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Marcela Ramírez Pasillas and Quang Evansluong

This chapter explores how an undergraduate elective course employs a community of practice to change students’ perceptions on sustainable entrepreneurship. For this purpose, the authors conducted a case study of an undergraduate elective course in a Swedish business school re-designed to adopt sustainability and sustainable entrepreneurship education. The authors found evidence that, when students engage in a community of practice for sustainable entrepreneurship, they become aware of the importance of being active citizens. The authors proposed two key activities – project work and embracing an active citizenship – to nurture the full participation of students in a community of practice. Through project work – developing ideas and prototypes for sustainable ventures, lean mentoring, and participation in a sustainability festival – students were provided with a learning context for changing their perceptions on sustainable entrepreneurship. By embracing an active citizenship, students coined potential solutions to societal problems. Individual and collective reflections on class activities were important for them in becoming aware of their roles and capacity to act as change agents.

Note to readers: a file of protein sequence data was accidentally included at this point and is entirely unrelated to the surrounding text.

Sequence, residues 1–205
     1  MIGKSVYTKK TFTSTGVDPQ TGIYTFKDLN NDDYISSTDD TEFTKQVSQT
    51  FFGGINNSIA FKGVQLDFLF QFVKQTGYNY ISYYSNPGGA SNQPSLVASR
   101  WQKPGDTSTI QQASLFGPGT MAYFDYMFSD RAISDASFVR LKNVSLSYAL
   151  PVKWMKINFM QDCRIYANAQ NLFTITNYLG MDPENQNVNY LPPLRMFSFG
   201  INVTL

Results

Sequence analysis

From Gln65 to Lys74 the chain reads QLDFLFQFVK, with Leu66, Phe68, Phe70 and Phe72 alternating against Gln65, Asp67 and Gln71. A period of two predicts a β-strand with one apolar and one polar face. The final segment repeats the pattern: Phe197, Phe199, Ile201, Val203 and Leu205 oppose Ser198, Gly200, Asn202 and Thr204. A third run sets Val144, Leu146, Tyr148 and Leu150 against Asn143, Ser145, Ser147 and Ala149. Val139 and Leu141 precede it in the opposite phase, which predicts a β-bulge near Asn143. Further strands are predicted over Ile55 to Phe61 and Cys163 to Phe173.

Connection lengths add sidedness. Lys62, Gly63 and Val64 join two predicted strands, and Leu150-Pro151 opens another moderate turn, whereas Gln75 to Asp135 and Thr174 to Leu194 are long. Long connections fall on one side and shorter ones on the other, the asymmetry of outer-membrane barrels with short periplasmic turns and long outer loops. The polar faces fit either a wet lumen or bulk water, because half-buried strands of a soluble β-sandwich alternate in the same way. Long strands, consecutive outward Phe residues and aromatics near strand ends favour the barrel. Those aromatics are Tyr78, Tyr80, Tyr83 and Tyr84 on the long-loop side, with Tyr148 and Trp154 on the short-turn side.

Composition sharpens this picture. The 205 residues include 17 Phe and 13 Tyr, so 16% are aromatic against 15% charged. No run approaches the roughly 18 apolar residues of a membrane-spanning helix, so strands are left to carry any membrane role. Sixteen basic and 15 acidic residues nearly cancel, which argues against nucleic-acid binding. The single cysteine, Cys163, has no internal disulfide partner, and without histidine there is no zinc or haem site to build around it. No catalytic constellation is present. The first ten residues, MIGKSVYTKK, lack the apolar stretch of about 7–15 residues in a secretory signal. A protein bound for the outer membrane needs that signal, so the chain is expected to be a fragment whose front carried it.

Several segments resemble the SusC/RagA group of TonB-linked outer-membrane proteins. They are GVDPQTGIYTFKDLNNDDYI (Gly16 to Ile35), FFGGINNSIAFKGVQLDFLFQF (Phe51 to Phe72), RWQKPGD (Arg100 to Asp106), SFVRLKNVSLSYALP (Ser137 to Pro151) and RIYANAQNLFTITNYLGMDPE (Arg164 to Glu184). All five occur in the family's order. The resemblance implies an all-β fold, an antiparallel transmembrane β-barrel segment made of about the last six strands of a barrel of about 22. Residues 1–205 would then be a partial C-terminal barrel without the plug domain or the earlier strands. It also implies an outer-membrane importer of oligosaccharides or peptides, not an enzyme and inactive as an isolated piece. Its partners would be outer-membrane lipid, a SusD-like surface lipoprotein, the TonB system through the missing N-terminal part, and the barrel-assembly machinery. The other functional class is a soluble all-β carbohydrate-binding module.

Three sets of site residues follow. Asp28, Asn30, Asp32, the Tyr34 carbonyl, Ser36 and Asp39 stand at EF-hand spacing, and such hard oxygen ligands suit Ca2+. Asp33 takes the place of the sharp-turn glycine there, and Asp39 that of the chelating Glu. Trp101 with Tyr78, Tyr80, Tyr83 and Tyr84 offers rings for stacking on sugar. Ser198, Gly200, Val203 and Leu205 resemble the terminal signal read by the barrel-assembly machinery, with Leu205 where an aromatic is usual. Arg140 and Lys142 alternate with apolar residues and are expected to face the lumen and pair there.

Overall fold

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Marcela Ramírez-Pasillas, Fernando Sandoval-Arzaga and María Fonseca-Paredes

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Fernando Sandoval-Arzaga, Marcela Ramírez-Pasillas and María Fonseca-Paredes

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Marcela Ramírez Pasillas, Ethel Brundin and Magdalena Markowska

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Edited by Marcela Ramírez-Pasilla, Ethel Brundin and Magdalena Markowska

Entrepreneurship in emerging countries presents us with a unique set of working attitudes, modes of thinking, social practices and processes. This book explores these characteristics, focusing on the conceptualization of entrepreneurship ‘in-between’. It highlights top-down and bottom-up initiatives as well as driving forces for entrepreneurial activities in emerging economies and developing countries, presenting the diversity, nuances and multiplicity of facets of relevant but unexplored contexts that we need in order to expand our dominant and traditional understandings of entrepreneurship